Nathan Hoad

The value of automated data generation and processing

July 13, 2011

Recently, I was given a job to do by a friend to make a new web form in PHP. The form is pretty big, with around 160 fields. (for those who must know, it’s a very detailed form for receiving a quote from a removalist company). Total Tangent: These kinds of forms are in need of some serious web design love. Forms of this magnitude are, from the perspective of a programmer, impossible to get looking nice. They’re huge, and horrific to work with. Anyway, back on topic.

I went through the task of building the form, which in of itself took me about two hours, and some basic javascript to make it look a bit tidier and parse integers where necessary, etc.

When it came time to write the PHP, it means rewriting those same ~160 fields as variables. I got about 10 into it, and realised this simple task would take me about an hour. Using this PHP code and the output from submitting the form as a GET request, I turned it into a two minute job using Python:

lines = []

with open('fields.txt', 'r') as f:
    lines = f.readlines()

lines = [ l.split('=')[0] for l in lines ]

for l in lines:
    print "${0} = array( $_GET['{0}'], 0. );".format(l)

I could have done it the hard way, typing all that code myself (sadly, I know a LOT of programmers that do this!) and I would have spent at least another hour doing it. I can never stress enough to other programmers, especially those new to the area, that computers were invented to make our lives easier. This doesn’t mean they should make a programmer’s life harder. I’m still relatively new to programming (about three years officially) yet I find myself schooling programmers on how important automation is.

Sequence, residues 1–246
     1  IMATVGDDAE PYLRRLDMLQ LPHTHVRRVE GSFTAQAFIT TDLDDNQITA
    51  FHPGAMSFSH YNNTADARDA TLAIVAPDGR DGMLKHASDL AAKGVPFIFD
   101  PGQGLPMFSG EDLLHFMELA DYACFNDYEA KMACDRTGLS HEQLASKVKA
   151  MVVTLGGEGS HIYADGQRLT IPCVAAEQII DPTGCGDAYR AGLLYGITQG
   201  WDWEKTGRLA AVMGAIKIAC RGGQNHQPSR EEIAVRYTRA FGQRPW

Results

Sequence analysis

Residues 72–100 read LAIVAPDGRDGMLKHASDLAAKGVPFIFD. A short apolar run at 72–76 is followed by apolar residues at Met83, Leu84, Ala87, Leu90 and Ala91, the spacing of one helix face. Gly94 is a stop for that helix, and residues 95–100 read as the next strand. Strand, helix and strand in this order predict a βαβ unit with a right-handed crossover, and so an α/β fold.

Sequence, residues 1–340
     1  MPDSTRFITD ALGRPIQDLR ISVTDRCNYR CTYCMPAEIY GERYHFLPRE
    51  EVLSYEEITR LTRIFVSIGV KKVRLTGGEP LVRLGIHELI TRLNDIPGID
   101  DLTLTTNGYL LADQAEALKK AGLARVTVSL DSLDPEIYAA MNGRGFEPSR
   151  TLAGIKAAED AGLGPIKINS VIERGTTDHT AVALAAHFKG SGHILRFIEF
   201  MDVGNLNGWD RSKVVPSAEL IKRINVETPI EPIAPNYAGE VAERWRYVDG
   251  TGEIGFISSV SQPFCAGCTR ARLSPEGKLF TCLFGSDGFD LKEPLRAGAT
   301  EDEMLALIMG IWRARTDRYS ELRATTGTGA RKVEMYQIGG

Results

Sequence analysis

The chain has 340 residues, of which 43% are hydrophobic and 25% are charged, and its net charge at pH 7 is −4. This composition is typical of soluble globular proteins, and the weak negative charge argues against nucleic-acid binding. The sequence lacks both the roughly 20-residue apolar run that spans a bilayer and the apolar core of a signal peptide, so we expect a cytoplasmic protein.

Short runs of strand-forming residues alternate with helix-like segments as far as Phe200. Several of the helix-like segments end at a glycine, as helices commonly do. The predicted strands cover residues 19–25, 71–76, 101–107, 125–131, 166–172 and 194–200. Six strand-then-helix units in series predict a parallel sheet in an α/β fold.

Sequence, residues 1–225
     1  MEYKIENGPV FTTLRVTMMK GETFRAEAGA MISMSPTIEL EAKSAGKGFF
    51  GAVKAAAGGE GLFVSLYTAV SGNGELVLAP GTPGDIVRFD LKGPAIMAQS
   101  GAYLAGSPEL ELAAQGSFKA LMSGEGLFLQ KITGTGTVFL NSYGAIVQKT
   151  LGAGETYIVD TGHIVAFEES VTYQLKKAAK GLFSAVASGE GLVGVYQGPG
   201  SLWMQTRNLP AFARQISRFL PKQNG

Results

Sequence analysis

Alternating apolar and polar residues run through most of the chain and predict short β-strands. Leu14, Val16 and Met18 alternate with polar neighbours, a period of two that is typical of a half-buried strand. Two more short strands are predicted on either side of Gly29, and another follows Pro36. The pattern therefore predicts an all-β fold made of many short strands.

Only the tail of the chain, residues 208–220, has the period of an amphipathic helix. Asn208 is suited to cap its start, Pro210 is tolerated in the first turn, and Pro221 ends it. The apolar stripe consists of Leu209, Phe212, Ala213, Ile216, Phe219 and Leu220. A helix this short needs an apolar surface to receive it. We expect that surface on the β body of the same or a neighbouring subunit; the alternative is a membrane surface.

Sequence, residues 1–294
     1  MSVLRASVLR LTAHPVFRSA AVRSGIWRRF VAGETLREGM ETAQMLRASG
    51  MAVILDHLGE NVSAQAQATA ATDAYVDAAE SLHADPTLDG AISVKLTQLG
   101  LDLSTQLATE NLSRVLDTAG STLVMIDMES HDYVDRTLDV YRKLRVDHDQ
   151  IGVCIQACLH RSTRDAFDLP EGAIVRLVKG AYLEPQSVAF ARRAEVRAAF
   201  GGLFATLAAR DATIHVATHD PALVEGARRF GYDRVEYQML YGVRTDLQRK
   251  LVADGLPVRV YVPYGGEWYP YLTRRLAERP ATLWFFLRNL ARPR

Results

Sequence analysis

I was working with a guy a year or two ago on a project that required a lot of test data, which we would have to generate ourselves. Luckily, the guy I was working with agreed that we should just write a few scripts to generate our data - we generated a few thousand records. Out of a class of 30 people, we were the only ones who wrote scripts to generate our data. Everyone else sat there, mindlessly typing, for hours.

The lesson here, is that if you value your time, learn a scripting language, or at least learn the value of writing scripts that generate/process data for you. You can work a lot more efficiently, and get back to doing the fun stuff.

Sadly, as I’m still not quite a “veteran” programmer, I still do things the hard way sometimes. Looking back, after spending hours doing this job, the original form that took me two hours would have been another two minute job if I’d just written a script to create it for me based on a few inputs. Hopefully I remember next time!

Also, this is my first time setting up Alex Gorbatchev’s SyntaxHighlighter. It was really simple to set up, even though the documentation Alex provides is a little out of date on some pages. Looks great too!